In grief, our words fail us. We’re alone, at a loss for language to communicate our suffering. Devolver Digital’s latest title Gris turns that wordless pain into a vivid journey, presenting a world devoid of color and voice as a metaphor for loss. With a harmonious blend of thoughtful game mechanics, dazzling art and carefully crafted sound design, Gris’ protagonist maintains a sense of tenacity in the face of darkness. Even as I saw black tendrils literally swallowing her whole, the game encourages finding a voice in the face of despair.
Barcelona-based Nomada Studio utilizes soft, ink-washed visuals with a dreamy, minimalist soundtrack to communicate its themes. The game opens with Gris singing and suddenly losing her voice as the ground crumbles beneath her. She falls from the sky and lands in a gray, colorless ruin. Not knowing what else to do or where to go, she begins to walk.
Gris’ most marvelous feature is its storytelling through color. Plumes of watercolor and ink sprawl across the screen, rolling in and out like storm clouds. Each of its four stages correspond to a color – red, green, blue, yellow, respectively — while highlighting different aspects of the protagonist’s journey. A lush forest with morphing trees decorates the green chapter, a shift I appreciated after the first stage’s harsh, red desert. In the blue chapter, Gris wets her feet in shallow pools. Not long after, she dives deeper, navigating through aquatic mazes before realizing that she’s reached a point so far down that she can’t continue, at least not without help. There’s something Alice in Wonderland-like about this kind of logic — go backwards in order to go forward. In the case of Gris, it’s going deeper, descending into pitch black depths before she’s able to rise up again.
Gris’ inner demons take physical form, as she continuously evades a shapeshifting, inky black creature, desperate to consume her. Sometimes it’s a bird, other times a dark doppelganger. Within each stage, Gris learns a new ability to help carry her forward. She can, for example, turn her body into solid rock to withstand crimson winds or powerful screams. When I first turned her body into a rock, I was surprised to find that she was still able to walk. For a brief moment, the animation shows Gris pulling her arms and legs inward, emitting a heavy, ceramic thud as she hits the ground. I thought of how easy it is to withdraw in the face of fatigue and sadness, disappearing silently like her limbs in a prism of rock. But when I pressed the key to move sideways, I watched her slowly trek through blood-red sands, head slightly pointed down, eyes closed in determination. I instantly admired her; she still continued to walk, even if she was dragging that heavy weight around.
At the end of each chapter, Gris curls up and begins to weep. Despite navigating through beautiful ruins, collecting starlight and even making a friend in the forest, she still mourns for what’s lost: her voice and the colors in her world. No matter what the setting, the grief is pervasive. And sadness, in my own experience, is a heavy weight that’s most powerful at the end of the day. Battling depression or the loss of a loved one is never a linear journey, I found. There’s a flicker of hope that maybe this time, things are looking up. Sometimes I think I’m doing better. But I’ll see something that reminds me of a relationship lost, and the painful process starts all over again. The journey in Gris plays out in similar ways, mirroring the waves of sadness that crash down when least expected.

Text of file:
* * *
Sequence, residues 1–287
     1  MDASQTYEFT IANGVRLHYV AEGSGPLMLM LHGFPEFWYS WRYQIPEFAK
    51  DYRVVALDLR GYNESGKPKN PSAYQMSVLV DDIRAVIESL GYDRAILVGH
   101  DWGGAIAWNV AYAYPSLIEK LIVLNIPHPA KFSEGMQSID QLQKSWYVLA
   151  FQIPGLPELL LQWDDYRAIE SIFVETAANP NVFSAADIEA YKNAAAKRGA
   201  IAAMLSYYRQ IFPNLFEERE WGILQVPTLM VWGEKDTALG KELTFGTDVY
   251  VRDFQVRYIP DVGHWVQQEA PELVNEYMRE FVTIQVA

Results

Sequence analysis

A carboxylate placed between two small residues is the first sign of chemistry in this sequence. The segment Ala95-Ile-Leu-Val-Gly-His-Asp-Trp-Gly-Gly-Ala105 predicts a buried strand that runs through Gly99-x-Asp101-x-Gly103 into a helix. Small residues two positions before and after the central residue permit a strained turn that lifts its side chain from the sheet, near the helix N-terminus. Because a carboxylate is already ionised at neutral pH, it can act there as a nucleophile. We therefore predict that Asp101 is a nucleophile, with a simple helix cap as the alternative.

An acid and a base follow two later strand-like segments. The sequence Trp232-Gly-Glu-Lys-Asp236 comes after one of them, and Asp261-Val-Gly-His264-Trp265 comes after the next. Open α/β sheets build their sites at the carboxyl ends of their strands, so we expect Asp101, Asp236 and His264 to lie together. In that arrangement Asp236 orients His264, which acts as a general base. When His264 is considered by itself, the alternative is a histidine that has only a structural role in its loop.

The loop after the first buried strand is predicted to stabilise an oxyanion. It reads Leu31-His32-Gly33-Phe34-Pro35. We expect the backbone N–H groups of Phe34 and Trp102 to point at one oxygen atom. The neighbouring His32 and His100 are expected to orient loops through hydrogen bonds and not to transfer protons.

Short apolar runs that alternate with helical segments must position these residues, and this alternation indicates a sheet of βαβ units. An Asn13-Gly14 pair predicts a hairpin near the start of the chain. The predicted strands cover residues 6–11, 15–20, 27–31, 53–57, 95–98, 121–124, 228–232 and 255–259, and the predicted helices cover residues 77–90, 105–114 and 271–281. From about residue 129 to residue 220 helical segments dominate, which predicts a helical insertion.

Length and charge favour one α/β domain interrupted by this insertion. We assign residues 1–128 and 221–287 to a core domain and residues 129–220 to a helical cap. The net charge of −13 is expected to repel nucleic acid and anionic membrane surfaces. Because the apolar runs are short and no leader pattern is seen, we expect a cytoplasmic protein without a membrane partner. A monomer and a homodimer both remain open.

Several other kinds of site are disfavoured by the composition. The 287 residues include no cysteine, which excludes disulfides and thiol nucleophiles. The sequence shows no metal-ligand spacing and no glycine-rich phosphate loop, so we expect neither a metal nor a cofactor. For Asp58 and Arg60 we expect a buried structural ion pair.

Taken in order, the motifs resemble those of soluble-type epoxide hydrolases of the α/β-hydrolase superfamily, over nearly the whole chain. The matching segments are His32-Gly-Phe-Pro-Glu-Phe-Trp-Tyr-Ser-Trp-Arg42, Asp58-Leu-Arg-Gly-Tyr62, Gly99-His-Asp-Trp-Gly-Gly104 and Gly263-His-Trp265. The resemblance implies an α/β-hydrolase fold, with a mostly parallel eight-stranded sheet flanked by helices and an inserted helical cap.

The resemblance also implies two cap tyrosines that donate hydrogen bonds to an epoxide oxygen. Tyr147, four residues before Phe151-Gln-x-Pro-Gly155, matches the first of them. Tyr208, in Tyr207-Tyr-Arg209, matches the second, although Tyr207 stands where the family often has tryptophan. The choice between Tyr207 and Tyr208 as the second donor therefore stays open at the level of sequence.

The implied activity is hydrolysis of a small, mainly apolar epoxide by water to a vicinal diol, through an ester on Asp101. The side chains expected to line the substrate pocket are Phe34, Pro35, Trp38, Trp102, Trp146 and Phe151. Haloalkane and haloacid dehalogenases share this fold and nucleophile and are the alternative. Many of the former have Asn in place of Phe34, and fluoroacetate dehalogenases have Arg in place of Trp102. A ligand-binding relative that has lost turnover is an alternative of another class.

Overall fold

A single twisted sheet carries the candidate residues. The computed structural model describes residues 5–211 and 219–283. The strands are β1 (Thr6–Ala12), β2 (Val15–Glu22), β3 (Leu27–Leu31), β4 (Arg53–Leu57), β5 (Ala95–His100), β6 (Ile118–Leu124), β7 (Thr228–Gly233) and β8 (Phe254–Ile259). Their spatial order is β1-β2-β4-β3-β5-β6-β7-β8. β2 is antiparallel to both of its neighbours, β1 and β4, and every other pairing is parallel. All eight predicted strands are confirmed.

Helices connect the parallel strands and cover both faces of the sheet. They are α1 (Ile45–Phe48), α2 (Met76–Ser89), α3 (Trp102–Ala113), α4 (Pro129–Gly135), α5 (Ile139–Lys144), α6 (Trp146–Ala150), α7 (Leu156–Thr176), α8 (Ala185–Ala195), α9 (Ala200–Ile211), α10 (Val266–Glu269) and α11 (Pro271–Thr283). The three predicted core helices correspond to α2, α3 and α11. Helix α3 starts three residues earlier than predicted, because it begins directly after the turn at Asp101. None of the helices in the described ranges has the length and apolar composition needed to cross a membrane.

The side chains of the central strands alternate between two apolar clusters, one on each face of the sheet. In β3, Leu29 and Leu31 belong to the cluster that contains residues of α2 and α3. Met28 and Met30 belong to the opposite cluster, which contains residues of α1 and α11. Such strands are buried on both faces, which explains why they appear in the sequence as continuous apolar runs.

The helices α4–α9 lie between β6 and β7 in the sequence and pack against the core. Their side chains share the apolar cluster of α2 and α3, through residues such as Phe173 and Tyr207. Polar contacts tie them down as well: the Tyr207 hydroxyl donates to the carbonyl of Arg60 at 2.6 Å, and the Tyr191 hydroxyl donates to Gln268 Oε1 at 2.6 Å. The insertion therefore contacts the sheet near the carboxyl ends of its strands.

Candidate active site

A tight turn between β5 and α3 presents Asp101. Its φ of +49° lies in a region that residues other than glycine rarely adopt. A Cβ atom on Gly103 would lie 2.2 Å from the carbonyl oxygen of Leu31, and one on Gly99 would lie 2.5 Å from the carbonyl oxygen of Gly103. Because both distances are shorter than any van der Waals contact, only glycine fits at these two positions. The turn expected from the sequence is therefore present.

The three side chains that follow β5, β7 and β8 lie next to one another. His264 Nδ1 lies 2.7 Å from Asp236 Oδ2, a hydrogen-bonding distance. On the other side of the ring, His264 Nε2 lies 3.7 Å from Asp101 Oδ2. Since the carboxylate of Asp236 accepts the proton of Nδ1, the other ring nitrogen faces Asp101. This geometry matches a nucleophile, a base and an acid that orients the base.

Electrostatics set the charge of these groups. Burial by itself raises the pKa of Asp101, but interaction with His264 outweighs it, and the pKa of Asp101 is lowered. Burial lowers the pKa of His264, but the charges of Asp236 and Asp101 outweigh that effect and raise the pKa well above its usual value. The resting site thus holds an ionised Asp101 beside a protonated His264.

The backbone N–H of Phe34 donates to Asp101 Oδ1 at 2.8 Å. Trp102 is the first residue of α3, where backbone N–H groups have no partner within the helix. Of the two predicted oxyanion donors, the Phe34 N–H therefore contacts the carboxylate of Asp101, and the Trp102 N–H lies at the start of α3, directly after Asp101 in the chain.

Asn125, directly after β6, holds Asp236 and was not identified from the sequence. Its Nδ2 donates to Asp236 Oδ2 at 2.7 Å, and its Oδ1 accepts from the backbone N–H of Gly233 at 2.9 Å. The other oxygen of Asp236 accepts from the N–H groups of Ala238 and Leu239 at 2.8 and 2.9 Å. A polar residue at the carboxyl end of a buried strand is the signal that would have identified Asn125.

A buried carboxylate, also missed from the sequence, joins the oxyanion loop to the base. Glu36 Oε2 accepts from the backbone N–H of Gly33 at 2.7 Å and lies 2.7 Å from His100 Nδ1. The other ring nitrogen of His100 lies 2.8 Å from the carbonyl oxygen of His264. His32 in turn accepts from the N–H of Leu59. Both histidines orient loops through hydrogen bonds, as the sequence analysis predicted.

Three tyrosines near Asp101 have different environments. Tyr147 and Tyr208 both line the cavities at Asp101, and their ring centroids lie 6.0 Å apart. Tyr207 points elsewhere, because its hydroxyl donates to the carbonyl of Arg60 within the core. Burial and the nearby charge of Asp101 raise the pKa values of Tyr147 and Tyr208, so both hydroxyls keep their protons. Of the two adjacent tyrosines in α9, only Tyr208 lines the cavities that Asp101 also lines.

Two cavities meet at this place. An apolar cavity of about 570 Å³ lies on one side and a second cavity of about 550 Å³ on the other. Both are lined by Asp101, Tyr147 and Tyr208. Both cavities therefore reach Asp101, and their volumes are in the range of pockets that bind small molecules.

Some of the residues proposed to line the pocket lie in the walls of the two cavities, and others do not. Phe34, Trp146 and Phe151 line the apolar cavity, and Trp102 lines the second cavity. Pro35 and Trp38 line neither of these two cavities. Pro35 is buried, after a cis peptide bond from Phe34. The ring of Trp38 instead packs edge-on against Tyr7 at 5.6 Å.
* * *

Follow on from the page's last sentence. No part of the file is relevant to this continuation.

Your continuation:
Towards the end, the healing process begins. The music swells and crescendos to highlight Gris’ breakthrough. Her voice returns, and the world opens to her. Flowers bloom, ancient ruins spring to life, obstacles are cleared. As she vocalizes, a bridge of starlight appears to guide her way back to the top. With every step, I can hear the tiniest plink of her footsteps. Every sound is delicate, pristine and reflective of her ascension.
As leaves rustle and blossom at the sound of her voice, they sometimes yield tiny red butterflies. These are scattered around the ruins, allowing Gris to soar higher when she jumps. As she crouches and readies herself, I notice she’s always looking up. Rings of light explode like fireworks as she takes off, going higher and higher. The immense satisfaction of catching one wave of butterflies after another had me feeling like I was flying too. And when I finally reached the top, I was crying. Even with all the twists and turns, breathless chases, Gris finds a way to give a powerful voice to the most delicate emotions. All without a word.